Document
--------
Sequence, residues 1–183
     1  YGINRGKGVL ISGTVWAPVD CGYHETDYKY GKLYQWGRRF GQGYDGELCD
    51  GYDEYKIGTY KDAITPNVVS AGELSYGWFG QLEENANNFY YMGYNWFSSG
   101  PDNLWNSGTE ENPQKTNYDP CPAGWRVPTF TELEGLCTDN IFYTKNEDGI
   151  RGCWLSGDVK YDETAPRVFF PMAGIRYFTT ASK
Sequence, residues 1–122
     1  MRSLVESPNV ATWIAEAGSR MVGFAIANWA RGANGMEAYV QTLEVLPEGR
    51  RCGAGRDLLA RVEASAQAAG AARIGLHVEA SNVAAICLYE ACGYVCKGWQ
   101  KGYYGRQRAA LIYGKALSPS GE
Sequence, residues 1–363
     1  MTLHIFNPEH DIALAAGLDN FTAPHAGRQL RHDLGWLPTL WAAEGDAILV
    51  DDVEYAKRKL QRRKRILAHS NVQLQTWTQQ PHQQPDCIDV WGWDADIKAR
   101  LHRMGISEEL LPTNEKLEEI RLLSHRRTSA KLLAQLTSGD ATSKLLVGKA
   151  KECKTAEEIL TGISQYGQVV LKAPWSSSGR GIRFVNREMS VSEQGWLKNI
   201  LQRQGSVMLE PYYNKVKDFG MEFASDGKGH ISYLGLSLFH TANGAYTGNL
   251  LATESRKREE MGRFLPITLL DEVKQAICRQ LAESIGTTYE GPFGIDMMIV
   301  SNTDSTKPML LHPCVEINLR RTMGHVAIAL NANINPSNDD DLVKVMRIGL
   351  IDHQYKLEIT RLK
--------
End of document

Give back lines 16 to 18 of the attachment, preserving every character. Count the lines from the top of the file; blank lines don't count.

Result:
   251  LATESRKREE MGRFLPITLL DEVKQAICRQ LAESIGTTYE GPFGIDMMIV
   301  SNTDSTKPML LHPCVEINLR RTMGHVAIAL NANINPSNDD DLVKVMRIGL
   351  IDHQYKLEIT RLK